Overall, the reality in agriculture in Nepal is that agriculture-based livelihood cannot compete with off-farm-based livelihood in absence of government protection.
Actions to take
Agriculture in Nepal requires radical transformative actions rather than small improvements. Changing the production system from subsistence to commercialisation is not possible unless the government takes transformative action.
This transformative action should start by identifying commodity-based production pockets, consolidating land as per production block and mechanised production block in order to increase time, input and labour productivity.
In doing so, some of the crops grown in the existing subsistence system may not be lucrative. We should not shy away to be dependent on other countries for those commodities whereas we might be exporters of some other commodities. We can explore and exploit our geographical uniqueness in production zoning and can take benefit of comparative advantage in market-led production.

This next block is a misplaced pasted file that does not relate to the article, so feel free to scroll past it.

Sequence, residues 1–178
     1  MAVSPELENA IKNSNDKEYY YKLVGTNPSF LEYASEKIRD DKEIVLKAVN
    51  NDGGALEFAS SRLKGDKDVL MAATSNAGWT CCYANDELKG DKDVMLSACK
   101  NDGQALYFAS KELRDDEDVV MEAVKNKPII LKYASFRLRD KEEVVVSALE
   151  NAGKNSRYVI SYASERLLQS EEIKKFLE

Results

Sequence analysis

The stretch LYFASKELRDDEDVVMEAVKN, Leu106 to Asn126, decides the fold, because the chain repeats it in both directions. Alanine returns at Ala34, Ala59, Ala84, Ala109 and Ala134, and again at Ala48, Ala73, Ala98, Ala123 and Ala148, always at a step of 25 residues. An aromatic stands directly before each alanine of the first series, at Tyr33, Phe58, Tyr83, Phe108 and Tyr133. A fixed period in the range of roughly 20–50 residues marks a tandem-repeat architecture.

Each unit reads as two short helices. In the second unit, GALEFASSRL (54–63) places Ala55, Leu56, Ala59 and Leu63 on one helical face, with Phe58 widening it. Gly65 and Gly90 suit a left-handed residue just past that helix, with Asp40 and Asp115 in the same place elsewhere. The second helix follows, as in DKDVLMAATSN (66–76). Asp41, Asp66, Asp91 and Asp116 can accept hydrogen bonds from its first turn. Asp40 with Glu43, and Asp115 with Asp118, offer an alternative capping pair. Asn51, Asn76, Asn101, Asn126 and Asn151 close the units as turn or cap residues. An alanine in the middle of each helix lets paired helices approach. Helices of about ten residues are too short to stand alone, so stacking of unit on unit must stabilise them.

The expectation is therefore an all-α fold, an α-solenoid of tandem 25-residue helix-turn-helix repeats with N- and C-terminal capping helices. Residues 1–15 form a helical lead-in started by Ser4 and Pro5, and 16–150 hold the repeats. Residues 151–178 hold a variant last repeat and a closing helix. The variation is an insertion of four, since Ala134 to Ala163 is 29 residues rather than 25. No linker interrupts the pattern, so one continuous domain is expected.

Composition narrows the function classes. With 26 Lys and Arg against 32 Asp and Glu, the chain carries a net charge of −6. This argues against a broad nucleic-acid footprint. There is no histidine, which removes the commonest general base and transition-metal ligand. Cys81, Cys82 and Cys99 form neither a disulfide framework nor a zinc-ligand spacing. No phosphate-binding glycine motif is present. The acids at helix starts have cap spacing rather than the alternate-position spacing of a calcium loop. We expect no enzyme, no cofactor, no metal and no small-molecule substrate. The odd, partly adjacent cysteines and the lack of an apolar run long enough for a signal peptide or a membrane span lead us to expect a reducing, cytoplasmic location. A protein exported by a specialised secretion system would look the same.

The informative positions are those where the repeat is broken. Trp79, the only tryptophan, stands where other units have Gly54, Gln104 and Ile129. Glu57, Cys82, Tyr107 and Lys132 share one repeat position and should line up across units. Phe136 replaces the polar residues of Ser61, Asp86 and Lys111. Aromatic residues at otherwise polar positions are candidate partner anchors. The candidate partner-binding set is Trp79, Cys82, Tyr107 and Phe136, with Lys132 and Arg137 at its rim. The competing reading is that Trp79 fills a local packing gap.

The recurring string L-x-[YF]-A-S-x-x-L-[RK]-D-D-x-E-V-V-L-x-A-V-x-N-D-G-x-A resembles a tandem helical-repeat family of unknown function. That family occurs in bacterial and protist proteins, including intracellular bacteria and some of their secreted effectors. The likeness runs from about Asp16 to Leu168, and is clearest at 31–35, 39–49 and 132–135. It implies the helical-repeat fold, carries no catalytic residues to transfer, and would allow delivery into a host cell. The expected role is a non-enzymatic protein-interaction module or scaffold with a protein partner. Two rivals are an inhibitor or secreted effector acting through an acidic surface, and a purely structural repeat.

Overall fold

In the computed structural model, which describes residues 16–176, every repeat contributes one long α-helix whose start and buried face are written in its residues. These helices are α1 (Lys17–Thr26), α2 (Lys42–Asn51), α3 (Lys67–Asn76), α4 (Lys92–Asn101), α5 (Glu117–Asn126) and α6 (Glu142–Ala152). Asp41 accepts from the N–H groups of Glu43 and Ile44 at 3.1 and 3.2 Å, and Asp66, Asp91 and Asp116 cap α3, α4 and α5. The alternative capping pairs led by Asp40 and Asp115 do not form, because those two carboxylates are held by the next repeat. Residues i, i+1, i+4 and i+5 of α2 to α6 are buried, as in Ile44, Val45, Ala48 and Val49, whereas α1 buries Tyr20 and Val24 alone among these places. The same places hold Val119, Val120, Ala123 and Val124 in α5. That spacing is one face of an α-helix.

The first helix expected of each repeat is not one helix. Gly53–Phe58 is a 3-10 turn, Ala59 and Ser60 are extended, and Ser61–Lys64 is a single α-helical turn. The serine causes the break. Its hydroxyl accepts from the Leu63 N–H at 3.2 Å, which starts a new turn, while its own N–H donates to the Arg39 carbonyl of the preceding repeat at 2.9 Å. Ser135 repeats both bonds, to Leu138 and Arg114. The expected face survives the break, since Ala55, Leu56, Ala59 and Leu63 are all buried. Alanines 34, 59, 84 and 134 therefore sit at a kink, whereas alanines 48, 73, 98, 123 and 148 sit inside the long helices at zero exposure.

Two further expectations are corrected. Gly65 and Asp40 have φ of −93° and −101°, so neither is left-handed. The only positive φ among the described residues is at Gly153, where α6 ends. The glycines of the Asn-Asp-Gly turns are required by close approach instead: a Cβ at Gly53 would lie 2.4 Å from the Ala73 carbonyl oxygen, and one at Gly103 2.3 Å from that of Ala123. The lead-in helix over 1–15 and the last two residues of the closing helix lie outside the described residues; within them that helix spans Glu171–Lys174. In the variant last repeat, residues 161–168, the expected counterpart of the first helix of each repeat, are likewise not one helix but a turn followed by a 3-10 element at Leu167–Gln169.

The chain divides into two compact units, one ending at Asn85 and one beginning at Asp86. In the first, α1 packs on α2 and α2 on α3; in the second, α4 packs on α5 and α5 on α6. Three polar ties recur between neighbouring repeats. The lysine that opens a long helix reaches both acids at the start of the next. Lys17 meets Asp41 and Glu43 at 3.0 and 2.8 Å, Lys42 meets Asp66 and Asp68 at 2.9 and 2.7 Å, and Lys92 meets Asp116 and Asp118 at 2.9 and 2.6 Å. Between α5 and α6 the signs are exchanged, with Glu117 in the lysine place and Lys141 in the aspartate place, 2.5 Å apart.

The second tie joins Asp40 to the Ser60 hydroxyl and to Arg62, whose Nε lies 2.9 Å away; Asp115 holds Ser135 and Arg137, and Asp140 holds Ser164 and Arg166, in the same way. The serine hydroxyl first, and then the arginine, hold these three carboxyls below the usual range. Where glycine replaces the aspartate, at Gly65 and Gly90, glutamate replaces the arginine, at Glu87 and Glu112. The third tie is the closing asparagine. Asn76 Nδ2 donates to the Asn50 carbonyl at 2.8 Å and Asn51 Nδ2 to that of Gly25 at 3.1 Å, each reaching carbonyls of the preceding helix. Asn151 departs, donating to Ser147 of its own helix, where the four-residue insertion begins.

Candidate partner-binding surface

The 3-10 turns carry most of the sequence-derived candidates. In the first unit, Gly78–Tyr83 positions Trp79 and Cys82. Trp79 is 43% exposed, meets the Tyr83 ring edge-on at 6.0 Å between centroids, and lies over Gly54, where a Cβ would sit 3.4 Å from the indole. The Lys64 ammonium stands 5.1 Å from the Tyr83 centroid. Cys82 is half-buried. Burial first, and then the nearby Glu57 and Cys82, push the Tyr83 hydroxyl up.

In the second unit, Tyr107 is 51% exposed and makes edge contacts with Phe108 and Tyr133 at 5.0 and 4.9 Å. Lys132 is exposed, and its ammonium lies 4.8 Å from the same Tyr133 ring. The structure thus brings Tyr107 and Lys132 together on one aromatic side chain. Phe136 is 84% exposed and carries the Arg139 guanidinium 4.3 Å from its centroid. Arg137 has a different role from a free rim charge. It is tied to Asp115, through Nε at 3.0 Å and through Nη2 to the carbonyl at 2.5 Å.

Currently, agriculture traders are required to invest more in collecting scattered production because producers are not specialised in production. Further, no road and other physical infrastructures are developed for market-led production. This is why agriculture traders feel comfort to import commodities from distant advanced markets rather than collecting from the nearby countryside. This should change.
The existing government agriculture extension system is too old as it was developed in the past to provide extension services to a huge number of smallholder farmers by a small number of technicians. But, now, the context has changed. The number of producers is reduced, and a small number of producers has to feed a greater number of consumers.
Thus, subsistence farming should change into an agricultural enterprise. Existing technicians trained to provide extension service are not fit for commercial production unless they are provided with new insights skills, opportunities, and technologies.
Agriculture enterprising experts should spend their time in the production zone rather than enjoying at federal and provincial levels, spending most of their time doing administrative work. In the same way, the university teaching system should produce human resources who are fit in agriculture in Nepal.